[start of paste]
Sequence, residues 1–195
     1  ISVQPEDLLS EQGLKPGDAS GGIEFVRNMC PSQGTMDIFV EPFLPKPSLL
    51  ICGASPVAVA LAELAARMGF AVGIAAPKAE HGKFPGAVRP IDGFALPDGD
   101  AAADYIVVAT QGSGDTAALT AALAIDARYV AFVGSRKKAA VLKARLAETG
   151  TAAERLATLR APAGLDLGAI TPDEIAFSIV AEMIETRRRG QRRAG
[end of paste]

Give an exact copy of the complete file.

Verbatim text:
Sequence, residues 1–195
     1  ISVQPEDLLS EQGLKPGDAS GGIEFVRNMC PSQGTMDIFV EPFLPKPSLL
    51  ICGASPVAVA LAELAARMGF AVGIAAPKAE HGKFPGAVRP IDGFALPDGD
   101  AAADYIVVAT QGSGDTAALT AALAIDARYV AFVGSRKKAA VLKARLAETG
   151  TAAERLATLR APAGLDLGAI TPDEIAFSIV AEMIETRRRG QRRAG